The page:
App Server Installation: When setting up servers which will host TensorRT powered applications, you can simply install any of the following:
  • the libnvinfer package (C++), or
  • the python-libnvinfer package (Python), or
  • the python3-libnvinfer package (Python).
Issue the following commands if you want to run an application that was built with TensorRT. Install TensorRT from the debian package, for example:
$ sudo dpkg -i  
nv-tensorrt-repo-ubuntu1604-cuda9.0-rc-trt4.x.x.x-yyyymmdd_1-1_amd64.deb

$ sudo apt-get update
$ sudo apt-get install libnvinfer

4.2. Tar File Installation

Note: Before issuing the following commands, you'll need to replace 4.x.x.x with your specific TensorRT version. The following commands are examples.
  1. Install the following dependencies, if not already present:
    • Install the CUDA Toolkit v8.0 or 9.0
    • cuDNN 7.0.5
    • Python 2 or Python 3
  2. Choose where you want to install. This tar file will install everything into a directory called TensorRT-4.x.x.x, where 4.x.x.x is your TensorRT version. This directory will have sub-directories like lib, include, data, etc…
  3. Unpack the tar file, for example:
    $ tar xzvf TensorRT-4.x.x.x.Ubuntu-16.04.4.x86_64-gnu.cuda-9.0.cudnn7.0.tar.gz
    
    $ ls TensorRT-4.x.x.x
    bin  data  doc  include  lib  python  samples  targets  TensorRT-Release-Notes.pdf  uff
    
  4. Add the absolute path of TensorRT lib to the environment variable $LD_LIBRARY_PATH, for example:
    $ export LD_LIBRARY_PATH=$LD_LIBRARY_PATH:<eg:TensorRT-4.x.x.x/lib>
  5. Install the Python TensorRT package, for example:
    $ cd TensorRT-4.x.x.x/python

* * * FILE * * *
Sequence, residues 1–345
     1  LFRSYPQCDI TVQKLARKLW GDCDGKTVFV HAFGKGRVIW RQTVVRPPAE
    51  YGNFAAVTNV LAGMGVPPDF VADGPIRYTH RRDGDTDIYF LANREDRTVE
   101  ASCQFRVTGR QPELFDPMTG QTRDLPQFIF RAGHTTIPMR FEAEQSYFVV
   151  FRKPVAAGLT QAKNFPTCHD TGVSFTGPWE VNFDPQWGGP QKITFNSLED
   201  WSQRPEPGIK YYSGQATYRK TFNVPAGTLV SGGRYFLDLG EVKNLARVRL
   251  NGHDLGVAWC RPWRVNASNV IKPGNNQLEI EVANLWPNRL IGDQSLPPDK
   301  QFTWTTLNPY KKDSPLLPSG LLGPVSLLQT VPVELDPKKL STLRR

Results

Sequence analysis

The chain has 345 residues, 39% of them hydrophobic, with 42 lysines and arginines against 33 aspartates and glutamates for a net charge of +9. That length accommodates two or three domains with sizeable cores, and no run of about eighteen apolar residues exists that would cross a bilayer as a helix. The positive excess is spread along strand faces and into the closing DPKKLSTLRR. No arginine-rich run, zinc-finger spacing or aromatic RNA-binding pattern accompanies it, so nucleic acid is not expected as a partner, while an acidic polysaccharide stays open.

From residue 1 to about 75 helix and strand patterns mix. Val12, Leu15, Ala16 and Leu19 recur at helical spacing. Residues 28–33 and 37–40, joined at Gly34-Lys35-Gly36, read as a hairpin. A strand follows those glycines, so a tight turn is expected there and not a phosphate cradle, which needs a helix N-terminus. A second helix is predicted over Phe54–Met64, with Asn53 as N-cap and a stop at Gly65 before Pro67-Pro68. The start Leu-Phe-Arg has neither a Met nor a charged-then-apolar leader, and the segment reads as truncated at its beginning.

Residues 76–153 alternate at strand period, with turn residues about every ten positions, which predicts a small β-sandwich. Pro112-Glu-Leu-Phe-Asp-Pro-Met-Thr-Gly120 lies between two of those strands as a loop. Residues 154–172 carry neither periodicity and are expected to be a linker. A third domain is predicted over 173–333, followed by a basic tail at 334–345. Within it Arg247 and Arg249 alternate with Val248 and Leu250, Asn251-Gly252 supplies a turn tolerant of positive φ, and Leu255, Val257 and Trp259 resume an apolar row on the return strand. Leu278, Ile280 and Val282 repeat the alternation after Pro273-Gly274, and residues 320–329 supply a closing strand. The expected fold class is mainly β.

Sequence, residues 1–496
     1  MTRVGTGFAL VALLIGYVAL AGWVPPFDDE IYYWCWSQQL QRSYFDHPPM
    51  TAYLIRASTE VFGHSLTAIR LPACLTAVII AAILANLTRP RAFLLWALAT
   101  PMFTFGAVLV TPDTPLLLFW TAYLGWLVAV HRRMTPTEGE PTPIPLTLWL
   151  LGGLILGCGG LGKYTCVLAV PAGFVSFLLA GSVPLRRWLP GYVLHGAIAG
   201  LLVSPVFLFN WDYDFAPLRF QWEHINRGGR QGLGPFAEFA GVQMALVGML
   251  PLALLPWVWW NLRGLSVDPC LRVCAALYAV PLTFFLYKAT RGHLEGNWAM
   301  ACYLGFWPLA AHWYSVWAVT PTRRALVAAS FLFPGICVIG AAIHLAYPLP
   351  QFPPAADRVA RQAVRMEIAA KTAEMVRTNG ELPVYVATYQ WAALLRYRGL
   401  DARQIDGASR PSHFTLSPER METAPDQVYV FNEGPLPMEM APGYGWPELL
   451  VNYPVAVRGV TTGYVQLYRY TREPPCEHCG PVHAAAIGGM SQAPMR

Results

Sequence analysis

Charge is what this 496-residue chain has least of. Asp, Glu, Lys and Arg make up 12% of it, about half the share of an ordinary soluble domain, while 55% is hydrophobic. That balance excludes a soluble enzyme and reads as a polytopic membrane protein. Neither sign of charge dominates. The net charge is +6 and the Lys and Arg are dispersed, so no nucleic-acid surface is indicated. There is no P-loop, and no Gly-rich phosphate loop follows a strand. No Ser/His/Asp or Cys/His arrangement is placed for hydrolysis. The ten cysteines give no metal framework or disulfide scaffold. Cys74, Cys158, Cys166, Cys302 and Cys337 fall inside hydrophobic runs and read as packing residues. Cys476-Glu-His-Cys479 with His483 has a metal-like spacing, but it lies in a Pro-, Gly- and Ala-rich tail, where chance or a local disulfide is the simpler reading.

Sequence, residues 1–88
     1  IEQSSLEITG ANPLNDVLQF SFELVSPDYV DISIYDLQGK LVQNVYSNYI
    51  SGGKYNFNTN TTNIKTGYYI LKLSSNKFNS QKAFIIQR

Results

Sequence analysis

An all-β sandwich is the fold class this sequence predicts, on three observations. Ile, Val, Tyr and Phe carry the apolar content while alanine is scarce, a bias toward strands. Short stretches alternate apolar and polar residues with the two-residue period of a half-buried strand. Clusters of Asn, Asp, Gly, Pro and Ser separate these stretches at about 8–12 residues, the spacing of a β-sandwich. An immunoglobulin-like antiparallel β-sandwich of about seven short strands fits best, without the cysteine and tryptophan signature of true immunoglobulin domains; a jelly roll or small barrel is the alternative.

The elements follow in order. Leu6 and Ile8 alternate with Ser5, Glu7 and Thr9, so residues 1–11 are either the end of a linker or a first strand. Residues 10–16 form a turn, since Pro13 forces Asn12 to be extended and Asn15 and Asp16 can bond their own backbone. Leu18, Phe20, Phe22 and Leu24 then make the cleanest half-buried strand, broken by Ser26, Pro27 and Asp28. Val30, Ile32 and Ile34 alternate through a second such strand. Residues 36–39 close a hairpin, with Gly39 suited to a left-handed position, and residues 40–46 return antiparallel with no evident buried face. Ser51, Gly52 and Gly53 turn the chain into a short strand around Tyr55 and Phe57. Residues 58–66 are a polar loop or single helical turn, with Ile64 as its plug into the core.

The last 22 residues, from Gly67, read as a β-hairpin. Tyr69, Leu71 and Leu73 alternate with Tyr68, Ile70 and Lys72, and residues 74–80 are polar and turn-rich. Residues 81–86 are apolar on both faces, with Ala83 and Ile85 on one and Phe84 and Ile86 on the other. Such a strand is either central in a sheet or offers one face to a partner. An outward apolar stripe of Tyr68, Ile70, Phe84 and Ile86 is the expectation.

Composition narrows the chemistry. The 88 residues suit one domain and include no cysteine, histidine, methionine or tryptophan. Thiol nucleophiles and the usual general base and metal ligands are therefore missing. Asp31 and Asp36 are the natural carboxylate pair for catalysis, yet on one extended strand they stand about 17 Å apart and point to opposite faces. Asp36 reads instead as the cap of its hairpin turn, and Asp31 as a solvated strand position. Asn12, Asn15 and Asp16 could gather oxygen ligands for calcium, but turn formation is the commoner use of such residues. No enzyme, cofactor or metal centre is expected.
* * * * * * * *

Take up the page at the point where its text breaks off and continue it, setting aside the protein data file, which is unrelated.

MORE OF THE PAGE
If using Python 2.7:
    $ sudo pip2 install tensorrt-4.x.x.x-cp27-cp27mu-linux_x86_64.whl

    If using Python 3.5:
    $ sudo pip3 install 
    tensorrt-4.x.x.x-cp35-cp35m-linux_x86_64.whl
    

    In either case:
    $ which tensorrt
    /usr/local/bin/tensorrt
    
  6. Install the Python UFF package, for example:
    $ cd TensorRT-4.x.x.x/uff
    
    $ sudo pip2 install uff-0.3.0-py2.py3-none-any.whl
    $ which convert-to-uff
    /usr/local/bin/convert-to-uff
    
  7. Update the custom_plugins example to point to the location where the tar package was installed into. For example, in the <PYTHON_INSTALL_PATH>/tensorrt/examples/custom_layers/tensorrtplugins/setup.py file, change the following:
    • Change TENSORRT_INC_DIR to point to the <TAR_INSTALL_ROOT>/include directory.
    • Change TENSORRT_LIB_DIR to point to <TAR_INSTALL_ROOT>/lib directory.
  8. Verify the installation:
    1. Ensure that the installed files are located in the correct directories. For example, run the tree -d command to check whether all supported installed files are in place in the lib, include, data, etc… directories.
    2. Build and run one of the shipped samples, for example, sampleMNIST in the installed directory. The sample should be compiled and executable without additional settings. For more information about sampleMNSIT, see the TensorRT Developer Guide.

5. Upgrading from TensorRT 3.0.x to TensorRT 4.x

When upgrading from TensorRT 3.0.x to TensorRT 4.x, ensure you are familiar with the following notes:

Using a debian file:

  • The debian packages are designed to upgrade your development environment without removing any runtime components that other packages and programs might rely on. Therefore, if you installed TensorRT 3.0.x via a debian package and you install TensorRT 4.x, your documentation, samples and headers will be updated to the TensorRT 4.x content.
  • After you upgrade, ensure you have a package called tensorrt and the corresponding version shown by the dpkg -l command is 4.x.x.x.
  • If installing a debian package on a system where the previously installed version was from a tar file, note that the debian package will not remove the previously installed files. Unless a side-by-side installation is desired, it would be best to remove the older version before installing the new version to avoid compiling against outdated headers.